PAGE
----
The same holds true for coal mining. As I said before, I never got used to that drop. We would load onto the cage, equipped with a grated floor that allowed you to actually see the drop into which you were descending, along with chains overhead to hang onto to help with balance, and begin our ride into the depths of the mountain. Freefalling your first six inches of 1800 feet is no way to begin a shift, in my opinion. Nobody liked it. Some men would pray, loudly, for God to protect us during the course of work, which of course is one of the most dangerous jobs in the world. Others would crack the most foul jokes I have ever heard. Some, like myself, would distance themselves and get ready for the descent. One young engineer actually fainted.
It was here, in this most inhospitable environment, that I met my first foodie. A grim, scary, giant scarred grey-bearded hulk of a man. If I had called him a foodie, a term that likely had not been coined at that time, he would have likely broken my nose and that would have ended our relationship. With a booming voice and an unmatched knack for leading men, he could have a team assembled and divert disaster in a moment’s notice. He once fired a young engineering intern for “Breathing up good air.” You could be a “Waste of blood, an embarrassment to your mother, a pisshole in the snow.” He had thousands of insults, which he reserved for those that he referred to as – Lazy. If you worked hard, jumped to his commands and put your heart on the line, then he would respect you. Otherwise, you went to another team.
It was this scary mammoth of a man who introduced me to the fact that men can also be cooks, and be proud of it. In my family, my mother cooked. The women cooked. The men did not. I grew up cooking with my mother and my grandmothers, but sadly, at that time in my life I had started to shy away from it. This man reinforced that it was cool to cook. He was a farmer, a butcher, a slow food advocate, hated fast food with all his soul and grew, slaughtered and butchered probably 98% of what he ate. Long since divorced and a self-proclaimed bachelor for life, he kept an airtight case in his locker underground with cooking utensils. A cast iron skillet, a dutch oven, tongs, a razor sharp knife and aluminum foil.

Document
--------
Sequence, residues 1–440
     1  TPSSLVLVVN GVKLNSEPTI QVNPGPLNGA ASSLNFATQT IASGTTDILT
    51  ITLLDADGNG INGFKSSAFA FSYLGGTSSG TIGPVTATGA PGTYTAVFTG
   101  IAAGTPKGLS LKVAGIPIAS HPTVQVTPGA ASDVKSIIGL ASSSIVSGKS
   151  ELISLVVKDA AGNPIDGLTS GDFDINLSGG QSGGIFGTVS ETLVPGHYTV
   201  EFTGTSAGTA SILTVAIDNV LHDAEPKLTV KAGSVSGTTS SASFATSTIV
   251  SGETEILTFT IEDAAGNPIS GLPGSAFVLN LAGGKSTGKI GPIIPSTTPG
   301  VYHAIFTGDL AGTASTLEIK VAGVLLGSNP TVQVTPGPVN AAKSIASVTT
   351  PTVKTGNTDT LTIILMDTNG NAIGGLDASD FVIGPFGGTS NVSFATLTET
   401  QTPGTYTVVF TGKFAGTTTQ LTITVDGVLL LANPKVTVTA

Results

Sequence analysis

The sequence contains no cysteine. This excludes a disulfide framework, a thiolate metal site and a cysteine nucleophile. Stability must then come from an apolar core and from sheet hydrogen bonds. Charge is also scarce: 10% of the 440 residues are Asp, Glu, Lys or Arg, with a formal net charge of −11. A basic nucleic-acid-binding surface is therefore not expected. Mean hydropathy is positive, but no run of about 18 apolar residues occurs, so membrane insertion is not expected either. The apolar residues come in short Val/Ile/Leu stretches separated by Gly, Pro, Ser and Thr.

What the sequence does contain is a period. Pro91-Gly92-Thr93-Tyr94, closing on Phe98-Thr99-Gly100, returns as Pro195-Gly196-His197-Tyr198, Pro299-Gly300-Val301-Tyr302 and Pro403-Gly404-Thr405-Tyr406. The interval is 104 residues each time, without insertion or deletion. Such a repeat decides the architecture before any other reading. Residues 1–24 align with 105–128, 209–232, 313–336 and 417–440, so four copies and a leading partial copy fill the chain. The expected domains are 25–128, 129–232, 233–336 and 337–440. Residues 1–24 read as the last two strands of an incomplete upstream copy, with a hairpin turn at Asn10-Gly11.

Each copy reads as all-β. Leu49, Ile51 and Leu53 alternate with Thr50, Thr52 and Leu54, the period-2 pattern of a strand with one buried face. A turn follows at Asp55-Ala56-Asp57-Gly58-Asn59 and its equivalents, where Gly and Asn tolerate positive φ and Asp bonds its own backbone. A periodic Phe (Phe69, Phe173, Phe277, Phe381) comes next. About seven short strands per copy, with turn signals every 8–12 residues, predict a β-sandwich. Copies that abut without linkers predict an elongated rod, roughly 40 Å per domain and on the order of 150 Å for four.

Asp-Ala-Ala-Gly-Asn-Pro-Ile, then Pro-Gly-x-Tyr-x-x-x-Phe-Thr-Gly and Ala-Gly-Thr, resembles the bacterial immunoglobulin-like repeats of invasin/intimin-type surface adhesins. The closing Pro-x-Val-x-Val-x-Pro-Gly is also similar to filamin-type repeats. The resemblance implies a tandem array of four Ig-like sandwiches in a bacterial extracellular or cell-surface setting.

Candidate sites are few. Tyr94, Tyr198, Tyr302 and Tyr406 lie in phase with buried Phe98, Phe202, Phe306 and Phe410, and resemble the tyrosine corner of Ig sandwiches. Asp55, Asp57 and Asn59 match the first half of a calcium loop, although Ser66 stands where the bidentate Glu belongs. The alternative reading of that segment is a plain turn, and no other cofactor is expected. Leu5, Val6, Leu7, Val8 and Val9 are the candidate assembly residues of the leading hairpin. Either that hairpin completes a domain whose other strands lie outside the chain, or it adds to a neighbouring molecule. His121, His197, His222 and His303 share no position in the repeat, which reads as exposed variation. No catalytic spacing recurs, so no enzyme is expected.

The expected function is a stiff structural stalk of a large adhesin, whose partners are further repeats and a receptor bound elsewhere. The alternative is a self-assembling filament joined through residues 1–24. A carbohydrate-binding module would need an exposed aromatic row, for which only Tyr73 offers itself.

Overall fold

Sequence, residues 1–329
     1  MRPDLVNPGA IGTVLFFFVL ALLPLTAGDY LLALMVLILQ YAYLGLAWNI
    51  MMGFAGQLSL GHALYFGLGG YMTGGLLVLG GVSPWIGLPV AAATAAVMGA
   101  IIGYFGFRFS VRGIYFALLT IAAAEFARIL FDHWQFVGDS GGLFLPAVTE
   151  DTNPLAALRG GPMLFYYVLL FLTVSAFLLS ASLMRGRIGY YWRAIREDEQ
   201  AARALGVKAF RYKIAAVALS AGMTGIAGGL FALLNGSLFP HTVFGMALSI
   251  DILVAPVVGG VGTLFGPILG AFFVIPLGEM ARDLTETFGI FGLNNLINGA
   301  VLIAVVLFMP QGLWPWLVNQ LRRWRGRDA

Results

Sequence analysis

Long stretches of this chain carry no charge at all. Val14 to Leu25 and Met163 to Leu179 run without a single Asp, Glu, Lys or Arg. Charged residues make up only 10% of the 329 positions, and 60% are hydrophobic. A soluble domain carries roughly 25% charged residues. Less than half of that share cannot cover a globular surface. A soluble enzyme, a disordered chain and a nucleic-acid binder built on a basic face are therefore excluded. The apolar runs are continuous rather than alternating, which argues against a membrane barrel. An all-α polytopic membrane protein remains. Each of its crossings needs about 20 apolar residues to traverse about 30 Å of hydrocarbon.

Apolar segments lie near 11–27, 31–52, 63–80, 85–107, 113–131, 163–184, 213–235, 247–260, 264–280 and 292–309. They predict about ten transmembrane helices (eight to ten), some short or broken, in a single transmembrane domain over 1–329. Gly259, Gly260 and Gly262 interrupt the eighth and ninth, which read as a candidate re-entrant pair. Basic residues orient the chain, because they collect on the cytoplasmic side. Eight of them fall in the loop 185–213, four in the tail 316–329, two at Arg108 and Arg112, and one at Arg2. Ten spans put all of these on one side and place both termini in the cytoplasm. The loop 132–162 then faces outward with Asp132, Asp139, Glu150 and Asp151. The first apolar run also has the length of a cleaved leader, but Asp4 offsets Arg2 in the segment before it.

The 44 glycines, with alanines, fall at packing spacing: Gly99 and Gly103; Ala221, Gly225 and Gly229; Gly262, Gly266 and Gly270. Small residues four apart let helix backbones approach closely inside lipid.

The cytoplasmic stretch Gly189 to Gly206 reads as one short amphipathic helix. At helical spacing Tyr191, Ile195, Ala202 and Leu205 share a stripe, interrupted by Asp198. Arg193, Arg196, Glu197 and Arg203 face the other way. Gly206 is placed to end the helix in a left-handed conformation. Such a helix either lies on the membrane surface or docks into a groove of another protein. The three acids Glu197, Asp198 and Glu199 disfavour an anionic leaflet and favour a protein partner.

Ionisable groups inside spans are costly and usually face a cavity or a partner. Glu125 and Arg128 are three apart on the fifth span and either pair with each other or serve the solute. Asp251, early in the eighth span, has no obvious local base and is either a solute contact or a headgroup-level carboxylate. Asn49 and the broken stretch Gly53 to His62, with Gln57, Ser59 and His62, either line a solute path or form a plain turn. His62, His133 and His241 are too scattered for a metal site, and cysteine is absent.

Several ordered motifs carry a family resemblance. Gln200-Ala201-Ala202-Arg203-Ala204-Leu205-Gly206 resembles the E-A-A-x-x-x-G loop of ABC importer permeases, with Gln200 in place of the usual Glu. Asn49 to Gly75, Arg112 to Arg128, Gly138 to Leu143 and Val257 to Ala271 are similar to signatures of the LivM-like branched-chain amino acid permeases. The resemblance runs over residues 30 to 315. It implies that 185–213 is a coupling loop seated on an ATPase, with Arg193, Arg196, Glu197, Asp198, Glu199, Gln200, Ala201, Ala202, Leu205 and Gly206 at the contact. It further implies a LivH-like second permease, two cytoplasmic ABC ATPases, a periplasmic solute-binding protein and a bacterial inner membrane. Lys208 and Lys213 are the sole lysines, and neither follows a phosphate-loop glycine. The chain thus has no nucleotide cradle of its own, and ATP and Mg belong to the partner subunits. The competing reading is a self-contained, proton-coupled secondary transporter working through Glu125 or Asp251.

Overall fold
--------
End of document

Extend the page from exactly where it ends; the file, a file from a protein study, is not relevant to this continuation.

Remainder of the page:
He could wax poetic about the tender cuts of meat encountered while butchering, which he would chop and eat raw, with eggs and chives. He would bring in sweetbreads and wrap them in aluminum foil with garlic and duck fat and let them roast in the diesel engines of our equipment for a decadent treat. He was largely regarded as crazy by his superiors, but we, his followers, worshipped him.
The best, though, was when his tomatoes ripened. Oh, my God. He grew heirloom tomatoes every year, started from his own seeds. My mother baked the best sourdough bread that mankind has ever experienced, and the marriage of those two items was heavenly. We would thickly slice the bread; slather it with mayo, and then top with cheese, thick slices of home-cured ham and then big, thick, juicy slices of tomato. Glistening and colorful, in yellow, red, green, purple and deep, dark red, they would shine in our headlights like jewels. Then we would place that great cast iron skillet on the screamingly hot engine manifold of the diesel engine, melt a little lard, and fry the single best sandwich I have ever eaten.
So, along with broken ribs, toes, welders flash, a broken nose and a bit of black lung, I carried from that place a renewed resolve to cook, and to always, no matter the environment, eat well. My mining hat is off to you, you crazy throwback to an age in which men were men and were not ashamed of it. Thank you.